Every cloud, it is said, has a silver lining – and that is probably as true of the residential property market as just about anything else in life.
One latest example is the revelation that homes in Aberdeen have become a lot more affordable over the five years to December 2018, according to Bank of Scotland (BoS). During the period, property prices in the Granite City increased, on average, by just 2 per cent, whereas the average for all seven Scottish cities surveyed was 30 per cent. Although BoS stays clear of saying so, this cannot be unconnected to the downturn in the oil industry, on which Aberdeen’s economy is so dependent. In the period, house prices rose from £200,907 to just £203,944.
This makes Aberdeen the most affordable of all the cities, with the exception of Stirling. However, the self-styled gateway to the Highlands provides an interesting contrast; average house prices here are the third-highest of the seven but the city also boasts the highest average salary (£43,703). This gives Stirling-based home-buyers an “affordability ratio” of 4.4 despite prices increasing over the five years from £136,036 to £192,026 whereas the average ratio for the seven Scottish cities is 5.36. This compares with Glasgow, where over the same period the ratio has increased from 4.5 to 5.5. What this basically means is that in Stirling a house costs just under four and a half times average salary while in Glasgow you need five and a half times the average salary (£32,089).
Indeed, Stirling is said to have the best affordability ratio of the 62 United Kingdom cities surveyed by the bank, alongside Londonderry/Derry in Northern Ireland. Ironically, however, the Stirling ratio actually diminished between 2017 and 2018 because while house prices rose, average earnings were said to have decreased by £2,000 per annum.
Perth is the only other Scottish city to have shown an improvement in affordability with the ratio changing from 5.4 to 5.1. The average price here is £184,041.
Unsurprisingly, Edinburgh (where the ratio is over 6.5 times salary) continues to be the least affordable Scottish city, with average wages actually lower than Stirling but prices much, much higher at £266,455. Edinburgh is the only one of the Scottish locations not to make the table of the “20 most affordable UK cities”, although it is somewhat behind Oxford, where the average house price is more than 12 and a half times the average local salary.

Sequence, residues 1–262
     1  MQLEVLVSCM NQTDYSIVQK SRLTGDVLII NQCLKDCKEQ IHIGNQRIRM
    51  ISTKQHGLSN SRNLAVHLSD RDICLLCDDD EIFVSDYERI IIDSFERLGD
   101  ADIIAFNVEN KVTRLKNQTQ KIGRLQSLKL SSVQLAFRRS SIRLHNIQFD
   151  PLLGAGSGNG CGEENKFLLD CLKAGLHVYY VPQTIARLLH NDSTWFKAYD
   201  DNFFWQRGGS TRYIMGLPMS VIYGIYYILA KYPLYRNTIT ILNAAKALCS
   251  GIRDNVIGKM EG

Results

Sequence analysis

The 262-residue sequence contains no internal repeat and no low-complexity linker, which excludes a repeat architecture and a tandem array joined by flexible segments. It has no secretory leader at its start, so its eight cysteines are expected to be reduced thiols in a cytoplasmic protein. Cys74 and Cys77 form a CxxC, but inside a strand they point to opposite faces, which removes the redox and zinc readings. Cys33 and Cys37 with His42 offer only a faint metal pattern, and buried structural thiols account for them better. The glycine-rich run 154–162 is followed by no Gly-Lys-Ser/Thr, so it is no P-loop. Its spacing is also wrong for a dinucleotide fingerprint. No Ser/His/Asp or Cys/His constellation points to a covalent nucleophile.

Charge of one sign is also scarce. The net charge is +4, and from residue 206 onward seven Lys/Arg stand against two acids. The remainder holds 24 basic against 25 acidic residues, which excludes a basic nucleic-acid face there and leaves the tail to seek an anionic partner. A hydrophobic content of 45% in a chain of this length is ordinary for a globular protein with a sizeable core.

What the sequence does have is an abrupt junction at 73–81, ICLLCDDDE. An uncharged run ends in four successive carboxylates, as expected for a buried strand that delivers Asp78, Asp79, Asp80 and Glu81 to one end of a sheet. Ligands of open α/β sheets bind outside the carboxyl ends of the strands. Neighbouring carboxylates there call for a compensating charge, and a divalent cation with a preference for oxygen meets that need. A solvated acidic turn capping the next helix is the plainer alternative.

What a similar survey will reveal another five years from now is anyone’s guess. Should the economy remain as buoyant as it has been of late (Brexit concerns notwithstanding), the population keeps on growing and people’s aspirations move forward (eg a greater desire for homes with a front and back door and exclusive garden ground) then demand for property (and the land on which to build the required stock) will remain high. All of the Scottish cities surveyed have local green belt issues. This has put the respective councils under pressure not only from environmental activists but also from established residents with concerns about the extra demands more house-building puts on local services (particularly schools) as well as, say the possibility of losing a view of fields and woodland from kitchen windows.
Meanwhile, a PS to the recent article on structural enhancements to Glasgow city centre. The pre-publicity material issued by the council included computer-generated images – and one shows an “improved” Sauchiehall Street in driving rain! Since the introduction of CGI it has become the norm, among commercial property developers, to display images of their proposed schemes for urban Scotland in typically un-Scottish climatic conditions – eg oodles of sunshine and folk doing their shopping or sipping coffee al fresco, dressed in light casual clothing. By providing a touch of reality, such down to earth Glaswegian honesty makes a welcome change.
David Alexander is MD of DJ Alexander